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Indonesia in Focus

Archive for the Food & Fruits of Indonesia Category

Rujak the Tapanuli Way - Mangarabar

November 2nd, 2007 | Username By Barrie | Comments No Comments »

Rujak (roujack) or rojhak is a sweet sour salad made from fruits and vegetables and is mostly eaten as a snack between meals throughout Indonesia. The fruit and vegetable variations are many. Some regions even have rujak in their array of ceremonial foods.

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Warung Mak Beng: Sanur, Bali

November 2nd, 2007 | Username By Barrie | Comments No Comments »

The 86-year-old Mak Beng, or Ketut Tjuki, is a living legend in the Balinese culinary world. She has inherited rare recipes for authentic Balinese dishes from her mother and mother-in-law. Since opening its doors in l941, the modest Warung Mak Beng has been one of the most popular places to eat in Sanur. Located near the Grand Bali Beach hotel, the eatery attracts a mixed crowd of foreigners and locals.

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Mekarsari Fruit Park: Bogor, West Java

November 1st, 2007 | Username By Barrie | Comments No Comments »

Mekarsari fruit park in Bogor is striving to restore its image as a recreational site, not just a place where visitors can pick and feast on fruits of their choice. “Most people seem to think they can get fruit out of season anytime they come here. It’s not exactly right. We are a fruit conservatory, not a fruit farm,” park public relations officer Catherina W. Day.

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A Taste of Ginger

October 14th, 2007 | Username By Barrie | Comments No Comments »

Ginger or stem ginger (Zingiber officinale) is a common spice worldwide. We see it in ginger cookies and ginger bread in America or in wedang jahe (a ginger drink) locally and finely sliced anywhere. Many a food historian is of the opinion that ginger is a native of tropical Asia where it has been cultivated for so long that its wild forebear — probably of India or Malaysia — no longer exists. From its original home in tropical temperatures it went to more temperate regions as gastronome and epicurean el supremo Suryatini N. Ganie explains.

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The History of Kue-Kue

October 13th, 2007 | Username By Barrie | Comments No Comments »

In Indonesia kue-kue, sweet or savory snacks, are a familiar sight, found everywhere from food markets to star-studded events and grand weddings. However, during colonial times, kue-kue were not considered appropriate food for well-heeled individuals and it appeared only in traditional circles.

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Matoa Fruit Harvest Fails: Papua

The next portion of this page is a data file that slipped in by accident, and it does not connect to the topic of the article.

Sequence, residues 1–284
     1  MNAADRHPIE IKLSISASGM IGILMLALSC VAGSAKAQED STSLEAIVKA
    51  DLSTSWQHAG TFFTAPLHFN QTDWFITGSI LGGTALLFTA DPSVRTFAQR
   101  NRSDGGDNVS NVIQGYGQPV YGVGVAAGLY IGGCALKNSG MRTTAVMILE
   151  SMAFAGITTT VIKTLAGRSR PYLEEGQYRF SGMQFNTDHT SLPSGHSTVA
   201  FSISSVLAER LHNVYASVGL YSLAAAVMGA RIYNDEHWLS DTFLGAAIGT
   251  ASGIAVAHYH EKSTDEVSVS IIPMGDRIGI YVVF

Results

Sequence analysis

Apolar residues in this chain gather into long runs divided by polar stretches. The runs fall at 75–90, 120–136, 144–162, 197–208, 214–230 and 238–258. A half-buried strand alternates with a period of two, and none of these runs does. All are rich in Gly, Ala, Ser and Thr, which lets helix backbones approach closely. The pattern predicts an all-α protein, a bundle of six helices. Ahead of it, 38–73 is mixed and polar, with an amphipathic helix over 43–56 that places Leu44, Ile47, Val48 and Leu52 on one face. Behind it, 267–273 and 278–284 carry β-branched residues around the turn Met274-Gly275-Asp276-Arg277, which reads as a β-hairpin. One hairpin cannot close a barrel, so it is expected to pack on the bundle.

October 12th, 2007 | Username By Barrie | Comments No Comments »

mini-matao-fruit.jpgSilpa and her five-month-old baby girl Anna have been sitting at Sentani’s bus terminal corridor from 5 a.m., waiting for people to the buy six sacks of matoa fruit they brought their village in Jayapura regency, Papua. The 23-year-old woman said she was hopeful her sacks of matoa fruit, a fruit indigenous to Papua, would sell so well she would be able to buy new clothes and new kitchen utensils to replace the broken ones at her home in Genyem hamlet.

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Natural Thirst Quencher Discoverer

October 5th, 2007 | Username By Barrie | Comments No Comments »

mini-thirst-quencher.jpgWhile felling mangroves in coastal areas of East Java, Mochson, 42, the head and coordinator of the Farmers Mangrove Conservation Group in Wonorejo, Rungkut, Surabaya, hit on the idea of using mangroves as an economic commodity without damaging the plants. Felling and pruning damages around 450 hectares of mangroves every year in the Sidoarjo region, according to data from the Forest Regrowth Movement and the plantation section of the agricultural department of the Sidoarjo administration.

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Indonesia to Increase Arabica Coffee Production

October 3rd, 2007 | Username By Barrie | Comments No Comments »

The agriculture ministry would help farmers to increase the productivity of arabica coffee plants from 560 kg per hectare to become around 700-800 kg per hectare.

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Indonesians in Focus: Nurhasanah and Marlina

October 1st, 2007 | Username By Barrie | Comments No Comments »

mini-nurhasanah.jpgAsk any Jakarta resident and the chances are they will know what pempek Palembang is. It is a special delicacy from Palembang, South Sumatra, made from fish and sago. Considered an essential dish for Palembang people, pempek is known for its unique dark vinegary sauce and contrasting flavors. Like any other traditional dish across the country, pempek has become a commodity. Most likely tourists who visit Palembang will bring home pempek as a gift for their friends and family.

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Bayam: Indonesia

September 30th, 2007 | Username By Barrie | Comments No Comments »

Nearly everybody knows Popeye, the sailor famous for his biceps. But, mind you, the guy was never seen inside a gym like today’s machos. A daily diet of spinach famously kept the sailor strong, or so the story goes as gastronome and epicurean el supremo Suryatini N. Ganie writes.

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